Eclipsed by the Moon

I had to move to the country to make friends with the Moon. 

For months, I’d been getting only a glimpse of her, peering shyly through the crowd of tall shadowing buildings that made up my concrete neighbourhood, and it was driving me crazy. 

Each night I would stand at my window, peeking out from behind the curtains, and wait for the Moon to start her slow ascent across the night sky. Once I spotted her, I’d grab my jacket and run down four flights of stairs, taking them two at a time, until I was bursting out of my apartment block and onto the street.  

As soon as I was outside I’d glance up towards the sky to check if she was still there. Like something sliding out of the corner of my eye, I’d just catch her disappearing behind another building and have to break into a sprint to keep up. You see, I desperately wanted to introduce myself. 

But the problem with living in the city is that everything is just so tall. Orchestrating an introduction was like running an obstacle course. I’d crane my neck to look skyward, quickly tripping and stumbling over my own feet. I’d encounter unsavoury people down dark alleyways and have to edge my way around them, their spurious intentions flashing behind grimy eyes. I’d climb rattling fire escapes, swallowing my nerves each time I looked down, just so I could get another view. I was a nighttime explorer, casting my eyes towards the distant horizon, navigating all the way to the Moon. 

No matter where I went though, something stood in my way, obscuring the view and obstructing my desire to meet her. The brick buildings would tower over me, sternly telling me to go home. It’s not safe to be out after dark, they’d say to me in deep voices. Adamant and inflexible in their stance, they’d rudely refused to move, despite my attempts to dodge around them, and so each month, the Moon would sail away and I would have no choice but to turn around and slink back to my apartment. 

The next morning, I’d wake feeling pitiful and angry with myself. I’d had a chance to meet the Moon and I’d messed it up! Then, on my way to work, I’d see her again. A faint silhouette against a brilliant blue sky, still waiting for me to say hello but now too far away to hear me.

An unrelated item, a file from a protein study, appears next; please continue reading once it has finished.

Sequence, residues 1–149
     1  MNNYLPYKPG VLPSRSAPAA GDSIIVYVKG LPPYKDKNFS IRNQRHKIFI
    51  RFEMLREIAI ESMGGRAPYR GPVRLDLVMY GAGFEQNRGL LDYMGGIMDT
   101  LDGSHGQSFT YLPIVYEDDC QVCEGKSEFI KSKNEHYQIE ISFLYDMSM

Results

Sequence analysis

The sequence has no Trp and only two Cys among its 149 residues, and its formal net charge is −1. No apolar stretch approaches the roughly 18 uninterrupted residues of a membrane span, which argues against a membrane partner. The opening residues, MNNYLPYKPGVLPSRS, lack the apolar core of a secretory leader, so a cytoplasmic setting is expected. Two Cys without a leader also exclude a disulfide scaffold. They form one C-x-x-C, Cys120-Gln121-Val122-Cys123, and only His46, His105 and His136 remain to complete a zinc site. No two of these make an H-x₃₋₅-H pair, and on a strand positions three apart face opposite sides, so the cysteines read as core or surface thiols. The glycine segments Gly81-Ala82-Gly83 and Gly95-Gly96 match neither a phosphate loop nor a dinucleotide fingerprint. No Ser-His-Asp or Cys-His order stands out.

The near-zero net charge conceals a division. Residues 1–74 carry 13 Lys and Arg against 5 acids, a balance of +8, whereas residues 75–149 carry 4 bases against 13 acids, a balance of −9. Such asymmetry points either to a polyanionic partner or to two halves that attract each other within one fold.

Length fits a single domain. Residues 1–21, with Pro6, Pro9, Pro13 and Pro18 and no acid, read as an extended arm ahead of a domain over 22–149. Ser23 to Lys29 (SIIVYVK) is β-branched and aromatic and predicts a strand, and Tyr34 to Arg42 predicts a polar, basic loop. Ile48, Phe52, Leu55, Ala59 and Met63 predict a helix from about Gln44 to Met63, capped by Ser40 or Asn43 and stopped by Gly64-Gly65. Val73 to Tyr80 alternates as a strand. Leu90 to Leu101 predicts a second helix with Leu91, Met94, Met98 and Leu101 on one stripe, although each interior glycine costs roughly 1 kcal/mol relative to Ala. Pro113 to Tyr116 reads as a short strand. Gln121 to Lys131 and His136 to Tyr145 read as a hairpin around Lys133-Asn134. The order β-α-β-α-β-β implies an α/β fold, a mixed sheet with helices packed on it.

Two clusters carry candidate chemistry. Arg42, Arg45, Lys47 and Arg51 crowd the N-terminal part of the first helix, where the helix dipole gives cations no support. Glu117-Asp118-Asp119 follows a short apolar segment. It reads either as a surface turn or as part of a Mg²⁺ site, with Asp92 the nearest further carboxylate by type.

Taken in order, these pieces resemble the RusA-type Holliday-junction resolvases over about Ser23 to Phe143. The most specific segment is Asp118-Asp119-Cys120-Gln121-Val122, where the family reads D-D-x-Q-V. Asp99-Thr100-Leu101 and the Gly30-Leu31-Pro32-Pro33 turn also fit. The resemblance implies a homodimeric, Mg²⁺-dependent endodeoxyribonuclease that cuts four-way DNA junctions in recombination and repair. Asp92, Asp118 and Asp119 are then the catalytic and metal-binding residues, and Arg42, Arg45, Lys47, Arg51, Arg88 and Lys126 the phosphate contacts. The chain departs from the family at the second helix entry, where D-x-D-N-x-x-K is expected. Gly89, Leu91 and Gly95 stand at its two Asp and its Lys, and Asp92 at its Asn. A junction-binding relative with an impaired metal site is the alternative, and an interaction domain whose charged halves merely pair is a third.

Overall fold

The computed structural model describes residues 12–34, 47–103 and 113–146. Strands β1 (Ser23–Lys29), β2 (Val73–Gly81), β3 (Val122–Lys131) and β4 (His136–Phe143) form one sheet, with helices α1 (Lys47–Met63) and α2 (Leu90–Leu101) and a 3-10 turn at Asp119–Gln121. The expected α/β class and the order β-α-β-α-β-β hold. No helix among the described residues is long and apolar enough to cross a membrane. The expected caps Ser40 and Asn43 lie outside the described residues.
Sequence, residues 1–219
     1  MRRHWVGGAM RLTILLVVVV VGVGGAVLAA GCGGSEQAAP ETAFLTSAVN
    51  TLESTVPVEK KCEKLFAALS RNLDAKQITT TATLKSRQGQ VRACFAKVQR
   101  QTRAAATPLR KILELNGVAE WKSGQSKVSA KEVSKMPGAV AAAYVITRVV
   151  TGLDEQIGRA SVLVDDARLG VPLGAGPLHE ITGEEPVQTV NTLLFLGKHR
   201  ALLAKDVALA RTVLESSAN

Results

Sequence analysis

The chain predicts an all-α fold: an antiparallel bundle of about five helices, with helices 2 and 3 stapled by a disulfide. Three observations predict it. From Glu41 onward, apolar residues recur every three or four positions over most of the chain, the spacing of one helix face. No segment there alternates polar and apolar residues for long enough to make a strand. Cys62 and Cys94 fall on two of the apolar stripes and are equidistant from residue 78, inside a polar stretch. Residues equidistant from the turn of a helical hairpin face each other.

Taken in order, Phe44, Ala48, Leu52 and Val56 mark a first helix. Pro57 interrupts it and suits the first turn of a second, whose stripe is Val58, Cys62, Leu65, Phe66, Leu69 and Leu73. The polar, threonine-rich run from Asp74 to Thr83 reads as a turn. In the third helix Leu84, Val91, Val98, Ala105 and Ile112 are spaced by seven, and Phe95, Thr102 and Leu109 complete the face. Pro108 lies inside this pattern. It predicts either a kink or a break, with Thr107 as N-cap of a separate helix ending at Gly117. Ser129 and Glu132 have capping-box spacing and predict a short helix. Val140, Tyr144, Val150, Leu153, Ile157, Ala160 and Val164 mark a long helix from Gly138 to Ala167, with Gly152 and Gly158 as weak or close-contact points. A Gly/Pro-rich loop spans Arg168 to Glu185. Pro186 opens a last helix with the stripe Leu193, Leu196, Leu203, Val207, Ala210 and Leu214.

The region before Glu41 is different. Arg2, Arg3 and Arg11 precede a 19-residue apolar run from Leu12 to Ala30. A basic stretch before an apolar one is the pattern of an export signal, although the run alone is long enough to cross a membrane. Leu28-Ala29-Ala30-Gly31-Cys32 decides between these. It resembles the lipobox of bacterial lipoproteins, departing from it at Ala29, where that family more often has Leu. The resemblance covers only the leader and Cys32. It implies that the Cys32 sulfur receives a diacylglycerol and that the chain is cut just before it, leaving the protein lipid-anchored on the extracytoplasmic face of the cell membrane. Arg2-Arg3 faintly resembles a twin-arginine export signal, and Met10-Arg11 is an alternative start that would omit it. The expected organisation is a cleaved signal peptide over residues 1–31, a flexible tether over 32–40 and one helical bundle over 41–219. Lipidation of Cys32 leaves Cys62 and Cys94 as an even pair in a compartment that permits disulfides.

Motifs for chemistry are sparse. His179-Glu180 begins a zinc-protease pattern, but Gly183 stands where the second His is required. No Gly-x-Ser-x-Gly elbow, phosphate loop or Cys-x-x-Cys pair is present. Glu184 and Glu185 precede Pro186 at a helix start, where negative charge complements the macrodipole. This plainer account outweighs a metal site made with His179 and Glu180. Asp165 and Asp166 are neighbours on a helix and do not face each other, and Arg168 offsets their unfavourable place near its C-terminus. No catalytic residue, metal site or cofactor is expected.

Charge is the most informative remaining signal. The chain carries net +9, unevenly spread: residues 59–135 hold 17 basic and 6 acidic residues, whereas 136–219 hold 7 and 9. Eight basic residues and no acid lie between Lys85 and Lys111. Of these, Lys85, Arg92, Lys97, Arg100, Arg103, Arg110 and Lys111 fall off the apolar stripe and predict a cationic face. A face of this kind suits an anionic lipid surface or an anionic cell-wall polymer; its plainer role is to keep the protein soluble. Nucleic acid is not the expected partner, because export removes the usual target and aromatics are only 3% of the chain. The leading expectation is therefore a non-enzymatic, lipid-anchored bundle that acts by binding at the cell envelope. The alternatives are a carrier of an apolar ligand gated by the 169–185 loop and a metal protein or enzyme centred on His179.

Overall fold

This monthly disappointment continued for longer than I care to admit. When I wasn’t wandering the streets trying to find her, the Moon had started to haunt my dreams. I’d wake in fits and starts in the middle of the night, a cold sweat trickling down between my shoulderblades. I’d get up and pad across the wooden floor of my apartment until I reached the window. Each time, I’d draw the curtain back and a sliver of moonlight would pierce through the glass and into my heart. I had slighted the Moon and she wanted an apology. 

It was these unsettling dreams that eventually compelled me to take action. In a matter of weeks, I’d packed up my apartment, quit my job and found a little house to rent in the countryside. It’s quiet here and there’s a slower pace to life. Nothing is tall or in the way. There’s no more obstacles and the space is open and vast. I can see for miles around and when the wind blows, it carries no other sounds. 

I’m glad to say that, now I’m here, the Moon and I have become the friends she intended us to be. Each month, she completes her alluring slow-dance across the heavens, and I get a front row seat. First she spins toward me and then away, a delicious quarter turn at a time. She is perfect and glowing against the pitch black skies. The night is so clear that I can see the patterns on her skin and the stars twinkle faintly, bowing to her majesty. 

With a glance over her shoulder, she’ll send a vibration down from above and I’ll feel her strange enigmatic pull as it reverberates through my body. I know she’s enticing me, beckoning me and I have no will left to stop her. With a pale whisper she commands my surrender and I become enthralled. The Moon will beam down on me and, as I bask in the warm glow of her allure, I’ll lift my head towards the heavens and let her feast upon my soul. 

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